Ordered arrays of metal nanoparticles offer new opportunities to engineer light–matter interactions through the hybridization of Rayleigh anomalies and localized surface plasmons. The generated surface lattice resonances exhibit much higher quality factors compared to those observed in isolated metal nanostructures. Template-induced colloidal self-assembly has already shown a great potential for the scalable fabrication of 2D plasmonic meta-molecule arrays, but the experimental challenge of controlling optical losses within the repeating units has so far prevented this approach to compete with more standard fabrication methods in the production of high-quality factor resonances.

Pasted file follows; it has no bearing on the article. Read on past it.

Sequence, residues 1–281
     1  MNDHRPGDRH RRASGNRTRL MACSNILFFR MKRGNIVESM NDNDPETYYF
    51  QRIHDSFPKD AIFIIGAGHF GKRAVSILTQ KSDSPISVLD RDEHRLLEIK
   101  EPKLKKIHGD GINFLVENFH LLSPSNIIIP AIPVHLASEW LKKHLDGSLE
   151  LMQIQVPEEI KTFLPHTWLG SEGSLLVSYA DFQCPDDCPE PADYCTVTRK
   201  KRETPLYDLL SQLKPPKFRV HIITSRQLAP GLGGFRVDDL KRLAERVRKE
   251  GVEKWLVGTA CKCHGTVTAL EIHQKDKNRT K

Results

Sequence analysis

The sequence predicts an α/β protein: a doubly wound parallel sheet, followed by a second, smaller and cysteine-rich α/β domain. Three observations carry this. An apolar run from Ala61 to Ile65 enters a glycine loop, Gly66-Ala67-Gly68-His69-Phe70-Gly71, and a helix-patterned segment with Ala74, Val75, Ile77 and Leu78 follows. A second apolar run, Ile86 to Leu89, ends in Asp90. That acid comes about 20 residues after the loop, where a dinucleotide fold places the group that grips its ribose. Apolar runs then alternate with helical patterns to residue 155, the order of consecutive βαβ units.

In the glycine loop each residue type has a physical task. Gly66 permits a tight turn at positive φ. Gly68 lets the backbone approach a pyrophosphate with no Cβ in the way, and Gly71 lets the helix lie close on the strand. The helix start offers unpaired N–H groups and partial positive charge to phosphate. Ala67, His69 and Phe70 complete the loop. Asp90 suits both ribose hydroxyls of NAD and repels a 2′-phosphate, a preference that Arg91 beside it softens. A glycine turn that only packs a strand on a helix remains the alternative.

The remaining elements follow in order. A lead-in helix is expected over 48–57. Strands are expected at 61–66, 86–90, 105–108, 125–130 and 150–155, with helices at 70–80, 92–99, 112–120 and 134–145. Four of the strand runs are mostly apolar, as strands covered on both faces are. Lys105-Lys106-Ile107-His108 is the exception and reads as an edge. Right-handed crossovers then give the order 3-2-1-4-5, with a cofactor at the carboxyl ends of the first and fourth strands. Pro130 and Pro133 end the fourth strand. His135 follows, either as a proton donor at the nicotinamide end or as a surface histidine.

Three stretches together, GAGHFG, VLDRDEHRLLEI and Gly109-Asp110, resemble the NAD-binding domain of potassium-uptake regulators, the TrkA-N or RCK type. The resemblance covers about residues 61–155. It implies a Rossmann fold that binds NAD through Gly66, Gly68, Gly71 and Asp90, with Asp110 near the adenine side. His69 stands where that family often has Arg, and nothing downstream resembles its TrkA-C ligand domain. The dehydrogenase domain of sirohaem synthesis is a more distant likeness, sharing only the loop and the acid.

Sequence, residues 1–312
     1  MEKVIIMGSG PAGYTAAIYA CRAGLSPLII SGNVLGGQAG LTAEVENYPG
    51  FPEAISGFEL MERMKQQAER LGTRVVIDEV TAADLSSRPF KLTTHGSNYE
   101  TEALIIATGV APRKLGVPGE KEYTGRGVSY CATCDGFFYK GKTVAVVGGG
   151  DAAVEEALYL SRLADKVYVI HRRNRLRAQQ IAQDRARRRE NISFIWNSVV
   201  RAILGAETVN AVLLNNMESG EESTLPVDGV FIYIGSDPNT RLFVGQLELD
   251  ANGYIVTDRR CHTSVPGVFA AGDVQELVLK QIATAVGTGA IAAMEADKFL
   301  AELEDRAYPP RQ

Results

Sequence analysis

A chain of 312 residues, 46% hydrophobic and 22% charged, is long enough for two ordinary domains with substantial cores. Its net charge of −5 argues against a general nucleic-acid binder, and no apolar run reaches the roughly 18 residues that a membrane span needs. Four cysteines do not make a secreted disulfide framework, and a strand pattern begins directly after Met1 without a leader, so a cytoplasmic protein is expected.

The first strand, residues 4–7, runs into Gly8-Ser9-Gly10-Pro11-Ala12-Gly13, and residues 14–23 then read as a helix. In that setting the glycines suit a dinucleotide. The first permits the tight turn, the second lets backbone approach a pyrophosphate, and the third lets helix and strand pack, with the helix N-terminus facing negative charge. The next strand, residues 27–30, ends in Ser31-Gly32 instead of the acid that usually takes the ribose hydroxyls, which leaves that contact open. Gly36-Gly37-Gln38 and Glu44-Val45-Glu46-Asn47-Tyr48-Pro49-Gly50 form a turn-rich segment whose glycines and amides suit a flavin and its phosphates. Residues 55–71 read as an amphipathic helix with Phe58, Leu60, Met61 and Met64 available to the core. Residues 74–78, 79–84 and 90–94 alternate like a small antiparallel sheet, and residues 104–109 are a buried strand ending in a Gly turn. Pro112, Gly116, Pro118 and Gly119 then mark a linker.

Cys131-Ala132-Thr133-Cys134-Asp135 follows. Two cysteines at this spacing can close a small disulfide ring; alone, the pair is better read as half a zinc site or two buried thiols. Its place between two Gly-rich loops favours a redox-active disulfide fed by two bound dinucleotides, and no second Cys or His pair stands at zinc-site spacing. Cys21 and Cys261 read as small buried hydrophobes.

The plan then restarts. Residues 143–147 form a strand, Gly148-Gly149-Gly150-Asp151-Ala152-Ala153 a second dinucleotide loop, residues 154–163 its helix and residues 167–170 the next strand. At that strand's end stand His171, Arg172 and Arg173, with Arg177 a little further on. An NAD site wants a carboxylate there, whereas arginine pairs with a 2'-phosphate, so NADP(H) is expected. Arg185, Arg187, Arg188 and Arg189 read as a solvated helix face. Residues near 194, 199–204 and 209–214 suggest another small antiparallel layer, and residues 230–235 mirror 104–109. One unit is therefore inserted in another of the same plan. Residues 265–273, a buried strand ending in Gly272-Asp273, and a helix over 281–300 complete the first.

In this manuscript, the optical properties of plasmonic arrays are investigated by varying the lattice parameter (between 200 and 600 nm) as well as the diameter of the gold colloidal building-blocks (between 11 ± 1 and 98 ± 6 nm). It is systematically studied how the internal architecture of the repeating gold-nanoparticle meta-molecules influences the optical response of the plasmonic supercrystals. Combining both experimental measurements and simulations, it is demonstrated how, reducing the size of the gold nanoparticles it is possible to switch from strong near-field plasmonic architectures to high-quality factors (>60) for lattice plasmon resonances located in the visible spectral range.
Sustainable energy conversion & storage systems
Engineering Plasmonic Colloidal Meta-Molecules for Tunable Photonic Supercrystals
Pau Molet, Nicolás Passarelli, Luis A. Pérez, Leonardo Scarabelli, Agustín Mihi